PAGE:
At the risk of beating a dead horse beyond all recognition, I would like to revisit the controversy surrounding the new River Center branch library from a different perspective and to question the priorities of our city-parish government.

How is it that construction of a new and totally unnecessary downtown library has been approved when there is such an obvious and dire need for a new animal shelter in this parish? (Indeed, we are still patiently awaiting construction of a new Main Library at Goodwood approved four years ago!)

The existing Animal Control and Rescue Center at 2680 Progress Road is little more than a jumble of ramshackle buildings dating from 1970 and is not conducive to adoptions - especially for the high volume of animals it serves. Although the most pressing concern is money and staff, several isolation sections are needed as well.

Ideally, mothers and their offspring should be housed separately from the stray intakes to avoid the spread of contagious diseases. Unfortunately, the initiative proffered in 2008 by Hilton M. Cole, director of animal control, to construct and operate an adoption and education facility on Old Hammond at Millerville failed due to a “lack of funds.”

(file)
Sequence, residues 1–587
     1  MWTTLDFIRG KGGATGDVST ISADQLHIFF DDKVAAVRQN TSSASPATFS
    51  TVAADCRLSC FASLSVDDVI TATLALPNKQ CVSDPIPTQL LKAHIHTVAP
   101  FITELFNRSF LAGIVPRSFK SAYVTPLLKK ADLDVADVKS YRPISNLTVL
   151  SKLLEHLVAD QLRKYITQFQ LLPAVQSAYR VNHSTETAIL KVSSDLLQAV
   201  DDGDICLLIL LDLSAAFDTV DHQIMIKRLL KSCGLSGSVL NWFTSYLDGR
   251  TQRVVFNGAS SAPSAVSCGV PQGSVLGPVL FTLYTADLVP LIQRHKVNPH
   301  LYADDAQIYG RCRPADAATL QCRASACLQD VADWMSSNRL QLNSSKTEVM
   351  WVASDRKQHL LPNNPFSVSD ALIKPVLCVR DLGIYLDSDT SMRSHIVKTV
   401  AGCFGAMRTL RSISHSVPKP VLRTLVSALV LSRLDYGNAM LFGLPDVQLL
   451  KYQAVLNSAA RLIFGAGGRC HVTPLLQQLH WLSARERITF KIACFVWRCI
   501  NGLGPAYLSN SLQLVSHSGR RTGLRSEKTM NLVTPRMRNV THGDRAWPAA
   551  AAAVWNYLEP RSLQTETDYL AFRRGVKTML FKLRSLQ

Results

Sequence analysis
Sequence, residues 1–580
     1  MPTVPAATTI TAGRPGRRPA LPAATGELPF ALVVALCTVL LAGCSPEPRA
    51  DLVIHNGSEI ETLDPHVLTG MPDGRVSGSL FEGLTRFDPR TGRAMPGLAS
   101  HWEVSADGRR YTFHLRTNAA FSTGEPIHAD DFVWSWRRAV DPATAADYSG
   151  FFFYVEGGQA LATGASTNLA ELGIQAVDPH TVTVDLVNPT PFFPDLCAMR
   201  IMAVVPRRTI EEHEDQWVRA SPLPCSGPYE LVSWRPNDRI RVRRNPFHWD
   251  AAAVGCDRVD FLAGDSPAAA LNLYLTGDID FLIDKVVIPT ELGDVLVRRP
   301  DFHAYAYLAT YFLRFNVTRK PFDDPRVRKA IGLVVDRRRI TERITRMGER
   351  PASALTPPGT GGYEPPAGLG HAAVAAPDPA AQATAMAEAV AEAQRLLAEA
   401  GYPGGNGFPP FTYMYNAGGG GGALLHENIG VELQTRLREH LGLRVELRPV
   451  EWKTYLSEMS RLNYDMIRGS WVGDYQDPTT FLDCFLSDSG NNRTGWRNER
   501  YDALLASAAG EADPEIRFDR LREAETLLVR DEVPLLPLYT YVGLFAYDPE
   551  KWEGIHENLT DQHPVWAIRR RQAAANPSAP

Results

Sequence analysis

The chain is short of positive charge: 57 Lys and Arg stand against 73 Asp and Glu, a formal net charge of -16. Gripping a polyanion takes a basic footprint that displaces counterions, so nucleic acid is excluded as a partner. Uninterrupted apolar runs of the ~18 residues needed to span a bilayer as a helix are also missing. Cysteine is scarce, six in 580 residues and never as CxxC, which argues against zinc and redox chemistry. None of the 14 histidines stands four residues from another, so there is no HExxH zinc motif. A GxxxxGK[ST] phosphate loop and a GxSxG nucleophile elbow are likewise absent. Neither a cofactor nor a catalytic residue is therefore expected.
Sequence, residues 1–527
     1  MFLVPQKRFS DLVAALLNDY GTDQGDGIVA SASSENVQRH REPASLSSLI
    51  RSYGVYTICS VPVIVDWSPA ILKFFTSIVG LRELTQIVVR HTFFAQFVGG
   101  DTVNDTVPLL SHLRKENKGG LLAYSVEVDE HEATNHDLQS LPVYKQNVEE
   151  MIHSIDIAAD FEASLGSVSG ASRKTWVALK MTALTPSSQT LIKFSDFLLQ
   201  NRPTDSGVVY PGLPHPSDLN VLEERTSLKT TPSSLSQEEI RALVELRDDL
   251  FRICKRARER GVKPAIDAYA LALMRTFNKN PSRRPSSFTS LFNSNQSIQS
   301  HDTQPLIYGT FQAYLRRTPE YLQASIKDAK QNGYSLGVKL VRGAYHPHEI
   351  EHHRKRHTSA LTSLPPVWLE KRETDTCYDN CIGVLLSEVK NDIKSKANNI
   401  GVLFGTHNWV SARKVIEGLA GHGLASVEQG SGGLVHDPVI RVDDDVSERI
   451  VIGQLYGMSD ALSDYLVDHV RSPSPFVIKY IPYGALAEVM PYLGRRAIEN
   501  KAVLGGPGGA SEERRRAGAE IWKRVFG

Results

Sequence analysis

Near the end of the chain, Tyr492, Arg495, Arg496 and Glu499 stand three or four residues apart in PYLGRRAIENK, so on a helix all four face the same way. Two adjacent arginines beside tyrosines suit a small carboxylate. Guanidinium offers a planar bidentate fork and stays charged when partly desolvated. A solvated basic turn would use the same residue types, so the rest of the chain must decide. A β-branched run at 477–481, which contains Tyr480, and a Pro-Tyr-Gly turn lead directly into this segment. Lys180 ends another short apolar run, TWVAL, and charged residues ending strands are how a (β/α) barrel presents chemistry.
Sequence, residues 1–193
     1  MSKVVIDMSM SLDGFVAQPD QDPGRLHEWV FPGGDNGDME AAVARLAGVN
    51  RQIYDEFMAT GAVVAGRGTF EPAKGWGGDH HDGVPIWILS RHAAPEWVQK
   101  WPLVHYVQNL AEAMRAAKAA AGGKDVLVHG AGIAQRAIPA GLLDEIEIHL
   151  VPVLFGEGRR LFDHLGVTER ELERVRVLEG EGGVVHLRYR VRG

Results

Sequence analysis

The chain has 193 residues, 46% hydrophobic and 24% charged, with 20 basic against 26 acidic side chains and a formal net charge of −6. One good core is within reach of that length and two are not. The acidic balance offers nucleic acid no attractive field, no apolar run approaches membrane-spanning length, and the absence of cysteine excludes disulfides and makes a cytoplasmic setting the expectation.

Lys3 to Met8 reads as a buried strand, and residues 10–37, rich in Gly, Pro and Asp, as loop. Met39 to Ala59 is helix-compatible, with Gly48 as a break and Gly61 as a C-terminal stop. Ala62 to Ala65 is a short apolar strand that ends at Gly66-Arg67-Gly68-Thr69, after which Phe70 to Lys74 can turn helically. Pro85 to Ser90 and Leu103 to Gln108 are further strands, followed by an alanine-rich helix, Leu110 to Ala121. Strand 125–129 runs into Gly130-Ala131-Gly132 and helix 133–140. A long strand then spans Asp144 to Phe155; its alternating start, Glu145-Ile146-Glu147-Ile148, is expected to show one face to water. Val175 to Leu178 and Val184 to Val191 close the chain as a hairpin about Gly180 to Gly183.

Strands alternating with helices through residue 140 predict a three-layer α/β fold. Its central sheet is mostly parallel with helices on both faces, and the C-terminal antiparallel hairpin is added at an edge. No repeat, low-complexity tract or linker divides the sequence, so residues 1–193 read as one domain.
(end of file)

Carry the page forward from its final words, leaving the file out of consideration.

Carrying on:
Sadly, a “no-kill shelter” is probably not an option for East Baton Rouge Parish because of a total lack of responsibility and commitment shown by many in failing to confine and spay/neuter their pets.

And, of course, there are always those “compassionate” pet owners who find it necessary to abandon/dump their furry friends because they have somehow become “inconvenient” through no fault of their own. In a better (but not great) case scenario, the cat/dog would be “surrendered” to animal control and later adopted.

However, there is no guarantee of that. Of the animals impounded in 2009, only 1,262 were adopted. But 8,527 were euthanized. How many of those could have been trained as therapy dogs for the disabled or taught to find missing children, track escaped convicts, search for drugs, anticipate seizures, detect cancer, alert their owners to fire, save countless lives as in “9/11,” provide comfort to a war veteran or just give an elderly person a reason to live?

What do they get out of the $20 million monumental waste of money being built to the greater glory of the Downtown Development District?

Kris Hursey

state employee

Baton Rouge